letters from dickinson to elizabeth holland

Thomas Johnson's Note on Letter 269

MANUSCRIPT: missing.

PUBLICATION: L (1894) 175-176; L (1931) 169; LH 55-56: dated (presumably by ED): Friday.

This letter is dated by conjecture only. Mrs. Ward, though placing it with a question mark in 1859 (in LH), now feels that 1862 is perhaps more likely. The evidence for the later date is in the phrase "in a world where bells toll" - suggesting the war period, and especially in the sentences: "Perhaps you laugh at me! . . . I can't stop for that! My business is to love . . . My business is to sing." The juxtaposition of the sentences closely follows that in the preceding letter to Higginson: "Perhaps you smile at me. I could not stop for that - My Business is Circumference." It was in 1862 that ED indeed felt that her business was to sing.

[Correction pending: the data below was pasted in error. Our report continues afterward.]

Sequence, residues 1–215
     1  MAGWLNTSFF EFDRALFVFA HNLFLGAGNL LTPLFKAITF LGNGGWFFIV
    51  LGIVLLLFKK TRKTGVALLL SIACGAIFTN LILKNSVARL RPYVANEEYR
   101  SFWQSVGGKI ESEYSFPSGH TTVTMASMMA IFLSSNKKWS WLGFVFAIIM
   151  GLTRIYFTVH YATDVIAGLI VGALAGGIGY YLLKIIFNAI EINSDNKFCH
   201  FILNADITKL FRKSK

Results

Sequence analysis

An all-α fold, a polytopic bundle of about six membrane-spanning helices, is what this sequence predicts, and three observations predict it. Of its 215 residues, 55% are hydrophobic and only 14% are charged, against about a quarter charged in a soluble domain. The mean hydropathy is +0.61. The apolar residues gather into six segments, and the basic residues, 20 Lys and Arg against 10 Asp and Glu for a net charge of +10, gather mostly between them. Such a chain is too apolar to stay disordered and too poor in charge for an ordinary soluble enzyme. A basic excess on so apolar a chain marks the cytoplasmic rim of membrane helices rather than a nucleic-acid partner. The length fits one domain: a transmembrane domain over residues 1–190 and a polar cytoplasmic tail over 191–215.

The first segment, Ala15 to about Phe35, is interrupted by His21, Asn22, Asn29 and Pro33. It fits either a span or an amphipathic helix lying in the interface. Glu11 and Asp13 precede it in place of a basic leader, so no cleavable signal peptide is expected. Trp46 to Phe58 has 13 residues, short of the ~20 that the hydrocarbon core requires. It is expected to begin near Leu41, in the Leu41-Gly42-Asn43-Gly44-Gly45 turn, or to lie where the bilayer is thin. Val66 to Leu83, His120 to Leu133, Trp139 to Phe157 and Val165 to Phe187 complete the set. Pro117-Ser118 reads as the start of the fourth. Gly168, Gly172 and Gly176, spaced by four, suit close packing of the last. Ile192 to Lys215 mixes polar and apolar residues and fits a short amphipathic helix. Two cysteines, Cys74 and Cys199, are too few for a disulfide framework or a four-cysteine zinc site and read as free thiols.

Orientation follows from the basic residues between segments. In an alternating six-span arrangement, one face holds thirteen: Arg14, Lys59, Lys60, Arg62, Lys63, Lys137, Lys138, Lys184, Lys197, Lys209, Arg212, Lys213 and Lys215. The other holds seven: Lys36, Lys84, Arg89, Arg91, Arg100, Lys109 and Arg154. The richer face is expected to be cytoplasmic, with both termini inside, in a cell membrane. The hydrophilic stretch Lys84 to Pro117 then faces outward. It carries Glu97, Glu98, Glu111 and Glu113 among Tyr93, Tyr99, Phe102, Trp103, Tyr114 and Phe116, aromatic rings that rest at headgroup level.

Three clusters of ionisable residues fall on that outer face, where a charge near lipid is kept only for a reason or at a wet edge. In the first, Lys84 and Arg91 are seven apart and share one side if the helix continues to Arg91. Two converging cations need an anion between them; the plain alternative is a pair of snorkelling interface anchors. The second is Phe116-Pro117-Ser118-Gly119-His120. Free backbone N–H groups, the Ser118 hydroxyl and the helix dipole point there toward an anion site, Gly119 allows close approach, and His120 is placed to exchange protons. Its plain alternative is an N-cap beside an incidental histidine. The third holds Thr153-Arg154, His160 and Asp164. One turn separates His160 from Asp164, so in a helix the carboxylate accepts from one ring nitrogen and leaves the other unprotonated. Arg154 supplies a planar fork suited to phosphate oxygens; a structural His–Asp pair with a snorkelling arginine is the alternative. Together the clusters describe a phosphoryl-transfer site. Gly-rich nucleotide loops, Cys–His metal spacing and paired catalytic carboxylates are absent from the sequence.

Bulwer-Lytton's widely popular drama Richelieu (1839) might account for ED's opinion of cardinals, and Emerson's English Traits (1856) could be the source of her opinion of "cockney conceit." In context, "Herod" seems to personify the persecution of illness. Annie was ten yeras old in the summer of 1862.

This letter asking to hear from the Hollands, if it belongs here, is the only surviving message to them between 1860 and 1865 (see nos. 227 and 311).

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Commentary copyright 1998 by Martha Nell Smith, all rights reserved
Maintained by Lara Vetter <lv26@umail.umd.edu>
Last updated on January 23, 1999